Ink is Thicker Than Water by Amy Spalding
Entangled Teen, 2013
Source: Received a copy through tour and also through Netgalley.
Publisher Description: For Kellie Brooks, family has always been a tough word to define. Combine her hippie mom and tattooist stepdad, her adopted overachieving sister, her younger half brother, and her tough-love dad, and average Kellie’s the one stuck in the middle, overlooked and impermanent. When Kellie’s sister finally meets her birth mother and her best friend starts hanging with a cooler crowd, the feeling only grows stronger.Find it: Amazon | Barnes and Noble | Goodreads
But then she reconnects with Oliver, the sweet and sensitive college guy she had a near hookup with last year. Oliver is intense and attractive, and she’s sure he’s totally out of her league. But as she discovers that maybe intensity isn’t always a good thing, it’s yet another relationship she feels is spiraling out of her control.
It’ll take a new role on the school newspaper and a new job at her mom’s tattoo shop for Kellie to realize that defining herself both outside and within her family is what can finally allow her to feel permanent, just like a tattoo.
After enjoying Spalding's debut The Reece Malcolm List, I knew I'd want to read more especially if they were going to be similarly comedic. I was pleased that I was able to connect so easily with both heroines as family plays an important role for each just as it always has for me. That was definitely my favorite aspect. Kellie as a young person is still very much struggling to find her place and to define her talents especially in comparison to her seemingly perfect older sister and her super adorable younger brother. In her mind, she doesn't seem to fit in or stand out in any discernible fashion but over the course of the novel, she discovers more about her own unique talents and place in the family.
Of special interest to me was the relationship with her sister. I've mentioned countless times that I'm a sucker for sister-sister stories being an older sister myself. This one is on the more complicated side as older sister Sara is adopted and, having turned 18, is connecting with her adoptive mother and exploring other facets of herself in a way that leaves behind Kellie. I found this distance heartbreaking to read about and it just made me want to go hug my sister (though I get that feeling a lot like when I saw Frozen for example :)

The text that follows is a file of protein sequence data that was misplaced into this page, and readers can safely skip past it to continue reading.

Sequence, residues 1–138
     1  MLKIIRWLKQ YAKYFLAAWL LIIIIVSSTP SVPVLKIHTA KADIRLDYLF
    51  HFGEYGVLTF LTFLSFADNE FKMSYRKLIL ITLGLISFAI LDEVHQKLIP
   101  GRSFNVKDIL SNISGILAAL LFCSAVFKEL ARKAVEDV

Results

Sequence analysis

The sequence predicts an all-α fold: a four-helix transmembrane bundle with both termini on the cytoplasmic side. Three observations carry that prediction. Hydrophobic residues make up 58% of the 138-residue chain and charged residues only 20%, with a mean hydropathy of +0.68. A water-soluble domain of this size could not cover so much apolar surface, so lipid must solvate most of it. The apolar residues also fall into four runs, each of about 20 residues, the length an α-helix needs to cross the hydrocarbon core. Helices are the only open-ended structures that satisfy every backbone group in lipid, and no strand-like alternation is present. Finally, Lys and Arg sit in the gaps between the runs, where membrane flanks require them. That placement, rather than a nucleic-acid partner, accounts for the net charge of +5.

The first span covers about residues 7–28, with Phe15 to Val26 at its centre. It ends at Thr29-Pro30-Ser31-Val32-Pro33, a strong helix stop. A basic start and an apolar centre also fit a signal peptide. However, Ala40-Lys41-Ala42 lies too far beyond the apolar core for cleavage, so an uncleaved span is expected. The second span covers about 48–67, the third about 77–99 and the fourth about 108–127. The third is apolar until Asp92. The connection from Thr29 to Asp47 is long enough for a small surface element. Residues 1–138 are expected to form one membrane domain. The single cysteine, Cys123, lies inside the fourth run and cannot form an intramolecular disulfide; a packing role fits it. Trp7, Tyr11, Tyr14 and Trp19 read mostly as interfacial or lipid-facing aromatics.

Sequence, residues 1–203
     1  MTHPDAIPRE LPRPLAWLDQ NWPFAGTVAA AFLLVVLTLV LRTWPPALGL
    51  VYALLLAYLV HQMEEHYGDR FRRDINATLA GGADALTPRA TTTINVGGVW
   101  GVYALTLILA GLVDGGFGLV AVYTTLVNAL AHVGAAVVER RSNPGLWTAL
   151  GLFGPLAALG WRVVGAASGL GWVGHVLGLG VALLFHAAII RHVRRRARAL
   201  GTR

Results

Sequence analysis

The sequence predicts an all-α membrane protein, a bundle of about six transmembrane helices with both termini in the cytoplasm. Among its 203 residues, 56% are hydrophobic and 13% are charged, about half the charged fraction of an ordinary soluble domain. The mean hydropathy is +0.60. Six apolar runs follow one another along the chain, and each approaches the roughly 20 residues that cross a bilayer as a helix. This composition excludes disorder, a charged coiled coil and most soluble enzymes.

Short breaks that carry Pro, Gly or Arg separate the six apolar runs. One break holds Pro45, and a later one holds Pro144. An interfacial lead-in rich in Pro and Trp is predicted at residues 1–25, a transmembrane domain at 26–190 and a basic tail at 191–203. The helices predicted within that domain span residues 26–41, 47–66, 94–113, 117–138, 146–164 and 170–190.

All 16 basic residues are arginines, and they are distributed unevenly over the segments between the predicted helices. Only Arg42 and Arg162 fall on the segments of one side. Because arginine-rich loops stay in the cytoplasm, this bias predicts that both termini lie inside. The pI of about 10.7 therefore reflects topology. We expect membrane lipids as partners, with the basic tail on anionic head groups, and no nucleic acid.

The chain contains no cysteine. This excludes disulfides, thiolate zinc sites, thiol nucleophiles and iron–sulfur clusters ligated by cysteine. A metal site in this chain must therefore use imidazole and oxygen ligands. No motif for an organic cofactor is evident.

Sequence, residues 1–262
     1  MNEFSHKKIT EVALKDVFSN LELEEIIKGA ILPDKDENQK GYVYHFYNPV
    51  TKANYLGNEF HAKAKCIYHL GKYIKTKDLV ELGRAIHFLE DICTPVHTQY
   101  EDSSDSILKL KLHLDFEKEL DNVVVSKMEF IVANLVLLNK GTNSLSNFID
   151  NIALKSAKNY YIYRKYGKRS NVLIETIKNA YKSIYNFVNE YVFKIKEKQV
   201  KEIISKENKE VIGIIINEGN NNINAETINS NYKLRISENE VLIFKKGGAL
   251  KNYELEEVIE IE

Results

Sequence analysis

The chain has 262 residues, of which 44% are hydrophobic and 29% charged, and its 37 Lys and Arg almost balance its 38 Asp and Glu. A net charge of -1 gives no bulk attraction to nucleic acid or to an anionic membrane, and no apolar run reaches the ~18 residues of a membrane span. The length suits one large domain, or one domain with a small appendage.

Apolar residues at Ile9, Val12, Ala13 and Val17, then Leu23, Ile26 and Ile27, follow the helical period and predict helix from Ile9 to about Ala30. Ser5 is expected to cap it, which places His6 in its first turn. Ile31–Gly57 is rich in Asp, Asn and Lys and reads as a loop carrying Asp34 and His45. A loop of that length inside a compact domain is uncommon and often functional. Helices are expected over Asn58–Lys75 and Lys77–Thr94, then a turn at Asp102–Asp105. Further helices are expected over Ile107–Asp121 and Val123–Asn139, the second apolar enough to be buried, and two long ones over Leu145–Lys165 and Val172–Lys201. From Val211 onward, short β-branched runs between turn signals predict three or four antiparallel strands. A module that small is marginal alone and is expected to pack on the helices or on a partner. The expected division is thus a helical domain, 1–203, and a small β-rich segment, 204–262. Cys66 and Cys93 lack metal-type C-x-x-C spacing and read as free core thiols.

I felt a bit disappointed with the other relationships mentioned in the synopsis though. Best friend Kaitlyn just seems to drift away from Kellie in an inexplicable fashion and I thought Oliver was going to be much crazier (a la Oliver Trask from "The O.C." perhaps?) or maybe he would become an abusive boyfriend. Nothing so dramatic, fitting for this more quiet contemporary but a bit of a letdown to me when I wanted something bigger and more explosive. Instead it is very realistic and for that reason, probably more relatable to a wider range of readers.
Overall: A contemporary deeply focused on relationships and finding your place that should appeal to many readers.
Amy Spalding grew up in St. Louis, but now lives in the better weather of Los Angeles. She received a B.A. in Advertising & Marketing Communications from Webster University, and currently works as the Digital Media Planner for an independent film advertising agency. Amy studied longform improv at the Upright Citizens Brigade Theatre, and can be seen performing around L.A.
Photo by Jessie Weinberg.
For more about Amy be sure to read the F.A.Q.
Other Tour Stops:
11/25/2013- The Bookmark Blog
11/26/2013- Donnie Darko Girl
11/27/2013- Reading the Best of the Best
11/28/2013- She Dreams in Fiction
11/29/2013- My Reading Room
12/2/2013- YA Story Teller
12/3/2013- LeAnn's Book Reviews
12/4/2013- Bookish Things & More
12/6/2013- The Irish Banana Review
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